In a country with a newly installed democratic system, democracy itself is of course riding high, because the new system embodies a concrete transfer of power from a concentrated group to a wider variety of people. But the continued existence of such a system does not necessarily indicate the continued sharing of power. Given time, the power-hungry can get around systems, and even turn them to their advantage. The very same system can enable democracy in one era, and hobble it in the next.
Power always resides with someone — the question is how many people. Democracy means it resides with as many people as possible.
The nature of power
If one person or a tight group of people have most of the power, then “the people” — that is, the general public — don’t. The nature of power in the hands of a few is the imposition of will, with the attendant, high-pitched struggle to maintain the imbalance.
On the other hand, when power is shared widely, its nature changes: the struggle to maintain balance has a lower pitch, and the path of least resistance becomes consensus. This necessitates lots of open-ended talking.
Of course, there are always some who want to accumulate more power for themselves so they can enjoy disproportionate, short-term benefits at the expense of others. If such individuals are like viruses, enough others must be like antibodies.
Power is like health: although we talk about having it, it’s not really a possession; it consists of actions. Making use of your good health is what keeps you healthy, and when you don’t make use of it, it declines. Let it decline far enough, and it becomes hard to use and therefore hard to get back. Similarly, power is the means to keep itself, so it’s incumbent on the holders of power to defend it through use. Power is by nature active, so you can’t have power passively, nor can power be handed to someone unwilling to use it.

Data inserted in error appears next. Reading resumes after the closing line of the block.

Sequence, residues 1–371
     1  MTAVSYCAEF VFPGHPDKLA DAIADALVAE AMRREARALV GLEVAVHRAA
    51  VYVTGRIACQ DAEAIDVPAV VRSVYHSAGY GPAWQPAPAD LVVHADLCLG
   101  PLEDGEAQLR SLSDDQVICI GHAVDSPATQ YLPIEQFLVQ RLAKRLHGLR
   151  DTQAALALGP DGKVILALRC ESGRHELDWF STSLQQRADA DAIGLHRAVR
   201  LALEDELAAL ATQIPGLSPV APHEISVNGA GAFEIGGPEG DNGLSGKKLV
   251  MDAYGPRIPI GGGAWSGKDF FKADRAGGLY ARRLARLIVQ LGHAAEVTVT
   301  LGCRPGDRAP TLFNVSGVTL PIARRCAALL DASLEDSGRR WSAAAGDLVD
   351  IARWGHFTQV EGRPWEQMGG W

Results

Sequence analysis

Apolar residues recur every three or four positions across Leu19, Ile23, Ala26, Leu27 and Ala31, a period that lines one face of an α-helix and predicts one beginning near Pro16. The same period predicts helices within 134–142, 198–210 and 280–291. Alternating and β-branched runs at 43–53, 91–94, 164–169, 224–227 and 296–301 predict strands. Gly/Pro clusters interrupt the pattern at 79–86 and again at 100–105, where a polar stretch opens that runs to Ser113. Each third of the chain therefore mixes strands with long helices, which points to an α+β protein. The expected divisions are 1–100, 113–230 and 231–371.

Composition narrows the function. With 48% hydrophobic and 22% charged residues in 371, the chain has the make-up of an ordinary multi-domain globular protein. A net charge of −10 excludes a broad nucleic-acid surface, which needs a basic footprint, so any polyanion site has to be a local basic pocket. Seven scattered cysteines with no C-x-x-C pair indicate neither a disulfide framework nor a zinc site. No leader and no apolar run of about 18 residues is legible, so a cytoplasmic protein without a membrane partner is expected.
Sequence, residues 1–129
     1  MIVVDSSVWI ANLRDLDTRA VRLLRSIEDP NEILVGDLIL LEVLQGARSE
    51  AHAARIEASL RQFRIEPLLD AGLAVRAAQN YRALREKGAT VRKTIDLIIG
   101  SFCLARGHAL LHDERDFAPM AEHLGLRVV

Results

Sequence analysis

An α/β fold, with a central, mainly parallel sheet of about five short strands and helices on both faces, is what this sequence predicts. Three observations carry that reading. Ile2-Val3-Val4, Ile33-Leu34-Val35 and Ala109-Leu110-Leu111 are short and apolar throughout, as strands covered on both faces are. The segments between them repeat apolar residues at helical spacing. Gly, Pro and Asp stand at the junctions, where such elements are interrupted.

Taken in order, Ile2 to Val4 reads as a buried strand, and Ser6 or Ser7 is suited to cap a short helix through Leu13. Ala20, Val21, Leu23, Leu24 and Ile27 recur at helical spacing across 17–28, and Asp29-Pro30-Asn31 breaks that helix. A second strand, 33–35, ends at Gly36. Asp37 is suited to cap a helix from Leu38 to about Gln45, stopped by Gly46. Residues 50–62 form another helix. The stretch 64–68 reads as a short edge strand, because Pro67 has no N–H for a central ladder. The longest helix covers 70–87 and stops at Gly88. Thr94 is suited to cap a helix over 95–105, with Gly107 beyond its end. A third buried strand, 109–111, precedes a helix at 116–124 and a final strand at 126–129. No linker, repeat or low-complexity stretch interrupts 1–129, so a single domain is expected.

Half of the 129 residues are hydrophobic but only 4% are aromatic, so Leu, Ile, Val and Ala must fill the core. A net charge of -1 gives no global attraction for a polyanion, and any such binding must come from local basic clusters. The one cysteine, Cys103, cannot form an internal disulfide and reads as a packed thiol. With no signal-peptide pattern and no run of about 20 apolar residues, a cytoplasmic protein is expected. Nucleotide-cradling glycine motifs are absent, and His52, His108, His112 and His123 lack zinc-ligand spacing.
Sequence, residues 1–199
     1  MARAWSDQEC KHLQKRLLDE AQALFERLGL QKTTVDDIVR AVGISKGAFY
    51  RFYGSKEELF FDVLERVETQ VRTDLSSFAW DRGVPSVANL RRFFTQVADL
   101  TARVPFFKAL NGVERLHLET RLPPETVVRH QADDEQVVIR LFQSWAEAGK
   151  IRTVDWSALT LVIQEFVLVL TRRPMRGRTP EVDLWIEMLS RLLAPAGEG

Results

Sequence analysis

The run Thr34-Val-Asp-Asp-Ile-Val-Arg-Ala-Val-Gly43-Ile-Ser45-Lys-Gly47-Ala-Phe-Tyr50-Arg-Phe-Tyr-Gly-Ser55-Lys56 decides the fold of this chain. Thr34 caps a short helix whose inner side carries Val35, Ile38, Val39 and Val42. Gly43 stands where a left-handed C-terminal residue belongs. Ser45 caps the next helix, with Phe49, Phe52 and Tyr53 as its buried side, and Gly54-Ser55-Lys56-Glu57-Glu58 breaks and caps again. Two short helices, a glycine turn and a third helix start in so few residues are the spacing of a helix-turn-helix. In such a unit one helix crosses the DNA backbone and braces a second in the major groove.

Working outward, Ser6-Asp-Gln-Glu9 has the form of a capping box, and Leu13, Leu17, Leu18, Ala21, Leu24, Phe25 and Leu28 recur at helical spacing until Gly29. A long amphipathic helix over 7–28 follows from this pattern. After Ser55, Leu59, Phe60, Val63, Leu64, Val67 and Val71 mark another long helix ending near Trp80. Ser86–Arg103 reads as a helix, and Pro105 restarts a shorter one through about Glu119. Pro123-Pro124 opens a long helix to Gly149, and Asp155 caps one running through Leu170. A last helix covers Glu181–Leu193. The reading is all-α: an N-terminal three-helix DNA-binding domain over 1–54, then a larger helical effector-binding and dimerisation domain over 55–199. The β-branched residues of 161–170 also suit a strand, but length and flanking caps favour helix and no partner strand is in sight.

In a civilization where the people have the power, they organize constantly around various shared concerns, and government is simply the formalized part of this self-organizing activity. The role of leaders is to focus the people’s self-governance, using their experience to mediate conflict, find points of common interest, integrate concerns, and build consensus.
I’m not describing a utopia. In fact, democracy is necessarily the messiest way to live together. Taking into account different points of view is slow and exhausting. Solutions may initially be a hodge-podge, before getting refined later. But consider how things play out differently in a healthy democracy — i.e., where power is widely shared.
Something is broken.
Unhealthy: most people assume fixing it is someone else’s job. Even if what’s broken is a public utility or a matter of public policy, it is considered a professional domain in which it is irresponsible for non-professionals to meddle. Some people may complain or give input in a one-way conversation, which may inform the work of professionals. But since most people don’t get up close to the problem, their input is hard to act on and easy to gloss over.